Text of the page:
Even on the assumption that, because this is an appeal from the District Court, we could reverse the finding, without determining it to be "clearly erroneous," that Trico's earnings were accumulated beyond the reasonable needs of the business, nothing has been advanced which persuades us that it should be reversed. In round figures, Trico's net income in 1936 was $4,184,000 and in 1937 was $3,790,000. In the former year it distributed $2,210,894.88, or 52.8% of its net income, in cash dividends, and in the latter year $1,960,768.77, or 51.7% of its net income.As of December 31, 1936, its accumulated earnings amounted, roughly, to $10,913,000, and as of December 31, 1937 to $12,745,000. The reasons advanced by the appellant for keeping so large a surplus are (a) the 1927 Recapitalization Agreements, (b) the maintaining of its position in the industry, and (c) the necessity to preserve its capital and to diversify its products because the basic patents on its vacuum-operated windshield wiper would expire in 1942. These reasons were considered by the district judge and we are not convinced that his rejection of each and all of them as justification for the large accumulations was erroneous. The conservation of earnings in order to be able to release the restricted stock under the 1927 agreements would be beneficial to the holders of such stock but satisfied no business need of the corporation.By 1936 Trico's position as sole supplier of windshield wipers to the automobile industry appeared to be secure; it owned its plant, did its own manufacturing and owed no debts of consequence. We see nothing in the evidence to suggest that it was necessary to increase the surplus in those years in order to maintain the position it had attained. At the time of the trial in December 1945, the appellant had developed a new product known as Lift-O-Matic which is a device for lowering or raising automobile windows by pushing an electric button. A very large expense is contemplated to bring this product into production. But there is no evidence that during the tax years in suit the appellant foresaw the need of any substantial expenditures for the development of this device, of which the earliest form had not progressed to the stage of a working model until 1938.
If we allow to stand, as we think we should, the finding that earnings or profits were permitted to accumulate beyond the reasonable needs of the taxpayer's business, then the finding that a tax avoidance motive played a part in this result is also a permissible inference, notwithstanding denials by the officers. Helvering v. National Grocery Co., 304 U.S. 282, 295, 58 S. Ct. 932, 82 L. Ed. 1346; Helvering v. Chicago Stock Yards Co., 318 U.S. 693, 701, 63 S. Ct. 843, 87 L. Ed. 1086. Not only is the finding bolstered by the express provision of § 102(b)*fn4 of the Revenue Act of 1936 but the defendant presented evidence from which the court found that had all the net earnings been distributed as dividends in 1936 and 1937 the six largest stockholders would have had to pay additional income taxes aggregating $1,850,000.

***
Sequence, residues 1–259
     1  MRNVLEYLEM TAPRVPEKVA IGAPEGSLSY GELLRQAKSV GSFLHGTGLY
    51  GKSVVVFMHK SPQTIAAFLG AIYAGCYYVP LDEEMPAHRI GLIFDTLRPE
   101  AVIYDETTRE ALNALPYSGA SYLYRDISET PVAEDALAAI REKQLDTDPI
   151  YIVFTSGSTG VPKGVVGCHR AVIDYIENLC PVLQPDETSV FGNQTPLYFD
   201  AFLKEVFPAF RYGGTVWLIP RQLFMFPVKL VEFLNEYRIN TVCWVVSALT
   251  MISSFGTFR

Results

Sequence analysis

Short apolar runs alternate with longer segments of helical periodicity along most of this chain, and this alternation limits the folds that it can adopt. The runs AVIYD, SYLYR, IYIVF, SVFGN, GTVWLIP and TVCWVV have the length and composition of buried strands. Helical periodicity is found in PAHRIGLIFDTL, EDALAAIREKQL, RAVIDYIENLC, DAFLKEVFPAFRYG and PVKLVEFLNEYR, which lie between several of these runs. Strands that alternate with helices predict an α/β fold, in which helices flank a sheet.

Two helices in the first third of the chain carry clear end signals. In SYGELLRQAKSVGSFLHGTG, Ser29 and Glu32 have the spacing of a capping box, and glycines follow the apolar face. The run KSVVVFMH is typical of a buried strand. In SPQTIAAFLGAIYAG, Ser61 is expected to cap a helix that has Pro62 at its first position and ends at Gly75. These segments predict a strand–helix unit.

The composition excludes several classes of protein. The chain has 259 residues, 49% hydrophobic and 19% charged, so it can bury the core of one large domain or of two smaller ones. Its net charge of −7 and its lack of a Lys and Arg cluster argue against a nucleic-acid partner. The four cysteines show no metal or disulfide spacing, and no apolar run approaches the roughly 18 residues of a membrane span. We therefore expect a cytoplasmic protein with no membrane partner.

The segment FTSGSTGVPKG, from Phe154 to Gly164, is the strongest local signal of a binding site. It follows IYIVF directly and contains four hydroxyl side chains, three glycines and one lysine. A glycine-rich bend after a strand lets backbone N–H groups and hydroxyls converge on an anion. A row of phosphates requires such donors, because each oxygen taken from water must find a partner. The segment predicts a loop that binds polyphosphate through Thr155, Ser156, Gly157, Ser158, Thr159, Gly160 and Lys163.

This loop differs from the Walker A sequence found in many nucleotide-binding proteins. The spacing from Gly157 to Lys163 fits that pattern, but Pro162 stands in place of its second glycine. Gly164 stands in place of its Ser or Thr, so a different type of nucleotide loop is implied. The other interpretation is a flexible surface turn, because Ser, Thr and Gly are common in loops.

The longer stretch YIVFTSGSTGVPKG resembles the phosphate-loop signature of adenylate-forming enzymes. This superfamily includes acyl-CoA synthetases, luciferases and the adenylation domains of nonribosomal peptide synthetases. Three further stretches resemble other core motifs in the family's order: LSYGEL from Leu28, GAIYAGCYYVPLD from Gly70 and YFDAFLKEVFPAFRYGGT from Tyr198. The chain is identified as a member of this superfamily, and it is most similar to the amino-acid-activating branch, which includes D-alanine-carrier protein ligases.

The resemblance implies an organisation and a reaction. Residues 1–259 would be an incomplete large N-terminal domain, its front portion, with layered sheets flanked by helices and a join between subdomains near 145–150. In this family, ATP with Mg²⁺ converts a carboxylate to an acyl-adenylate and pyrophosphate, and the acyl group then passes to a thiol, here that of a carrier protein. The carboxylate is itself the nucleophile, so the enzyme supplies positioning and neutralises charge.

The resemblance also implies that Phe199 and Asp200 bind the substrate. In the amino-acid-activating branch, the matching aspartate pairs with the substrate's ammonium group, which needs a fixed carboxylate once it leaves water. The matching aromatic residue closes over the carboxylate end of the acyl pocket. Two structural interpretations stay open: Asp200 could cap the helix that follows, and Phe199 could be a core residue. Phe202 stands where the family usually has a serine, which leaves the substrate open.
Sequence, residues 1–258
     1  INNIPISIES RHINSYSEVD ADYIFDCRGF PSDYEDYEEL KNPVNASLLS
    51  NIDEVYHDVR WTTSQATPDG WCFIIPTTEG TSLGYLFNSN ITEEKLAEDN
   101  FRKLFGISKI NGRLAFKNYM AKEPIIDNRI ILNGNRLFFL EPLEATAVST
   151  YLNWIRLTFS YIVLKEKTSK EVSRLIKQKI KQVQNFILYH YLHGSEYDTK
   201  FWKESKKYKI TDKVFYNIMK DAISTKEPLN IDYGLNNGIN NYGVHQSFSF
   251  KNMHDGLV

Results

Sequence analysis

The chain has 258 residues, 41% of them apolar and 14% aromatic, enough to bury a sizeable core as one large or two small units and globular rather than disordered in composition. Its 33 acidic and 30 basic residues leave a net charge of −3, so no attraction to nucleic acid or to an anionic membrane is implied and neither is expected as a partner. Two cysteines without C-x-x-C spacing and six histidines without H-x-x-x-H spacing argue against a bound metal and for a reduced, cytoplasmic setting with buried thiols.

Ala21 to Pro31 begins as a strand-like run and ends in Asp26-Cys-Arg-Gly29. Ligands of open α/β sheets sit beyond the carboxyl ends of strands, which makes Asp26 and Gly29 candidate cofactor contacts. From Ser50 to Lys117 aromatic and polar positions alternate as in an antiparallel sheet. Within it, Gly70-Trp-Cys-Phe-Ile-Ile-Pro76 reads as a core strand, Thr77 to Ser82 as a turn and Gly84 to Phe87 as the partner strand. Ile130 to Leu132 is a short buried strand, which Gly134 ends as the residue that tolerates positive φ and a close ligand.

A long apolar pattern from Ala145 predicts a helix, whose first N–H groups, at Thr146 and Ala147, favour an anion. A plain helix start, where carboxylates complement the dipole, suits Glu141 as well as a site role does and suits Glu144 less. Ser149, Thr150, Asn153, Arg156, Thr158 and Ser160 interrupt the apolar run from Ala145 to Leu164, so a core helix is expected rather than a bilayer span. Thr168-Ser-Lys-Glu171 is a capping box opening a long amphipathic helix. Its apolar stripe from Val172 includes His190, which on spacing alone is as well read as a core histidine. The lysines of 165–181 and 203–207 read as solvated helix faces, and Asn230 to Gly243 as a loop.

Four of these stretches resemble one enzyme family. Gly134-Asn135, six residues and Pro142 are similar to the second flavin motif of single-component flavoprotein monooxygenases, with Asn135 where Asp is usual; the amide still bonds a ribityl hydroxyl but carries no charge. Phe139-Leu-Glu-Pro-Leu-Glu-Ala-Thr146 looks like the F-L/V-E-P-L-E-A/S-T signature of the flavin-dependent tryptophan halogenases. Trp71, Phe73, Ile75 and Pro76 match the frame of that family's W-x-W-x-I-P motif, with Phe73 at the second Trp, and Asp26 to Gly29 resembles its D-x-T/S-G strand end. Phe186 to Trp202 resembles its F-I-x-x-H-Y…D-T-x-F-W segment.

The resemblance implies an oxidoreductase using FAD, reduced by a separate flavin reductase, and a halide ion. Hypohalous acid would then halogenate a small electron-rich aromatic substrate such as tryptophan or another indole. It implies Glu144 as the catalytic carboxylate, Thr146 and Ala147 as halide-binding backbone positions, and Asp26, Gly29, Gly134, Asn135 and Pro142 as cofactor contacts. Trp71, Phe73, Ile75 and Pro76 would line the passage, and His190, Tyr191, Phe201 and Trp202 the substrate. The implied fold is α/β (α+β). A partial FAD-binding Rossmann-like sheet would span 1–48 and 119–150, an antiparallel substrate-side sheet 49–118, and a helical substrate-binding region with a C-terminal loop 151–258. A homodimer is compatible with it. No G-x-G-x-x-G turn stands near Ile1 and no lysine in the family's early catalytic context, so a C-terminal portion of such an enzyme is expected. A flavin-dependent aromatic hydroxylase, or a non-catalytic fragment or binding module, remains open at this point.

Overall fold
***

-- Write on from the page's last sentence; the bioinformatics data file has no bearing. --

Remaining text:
The appellant complains that the court erred in giving determinative effect to the decision of the Board of Tax Appeals involving the two prior years.*fn5 But Judge Knight's opinion states expressly that the decision of the prior case is not res judicata for the later years. D.C., 67 F. Supp. 311, 324.We read his opinion as treating the decision of the Board of Tax Appeals not as "determinative" but merely as persuasive, as it properly was, in enabling him to form his independent judgment on the issues before him.
Finally, error is asserted in the exclusion of Mr. Oishei's testimony as to a conversation with Mr. Wilson in 1936 in which the latter expressed his opinion that "we were doing the right thing in planning on the time of expiration of the patents" and "were handling the thing properly." Objection was made on the ground that the testimony was hearsay, as it was, and that Mr. Wilson should be subjected to cross examination if his opinion was to be admitted in evidence. The appellant argues that a conversation with Trico's principal customer as to the needs of the business might have a bearing upon the motives of Trico's directors in determining their dividend policy. But there was no offer to prove that Mr. Wilson's opinion was brought to the attention of the directors or in any manner affected their judgment as to accumulations. Without that the conversation was of slight importance and we think there was no error, and certainly no prejudicial error, in its exclusion.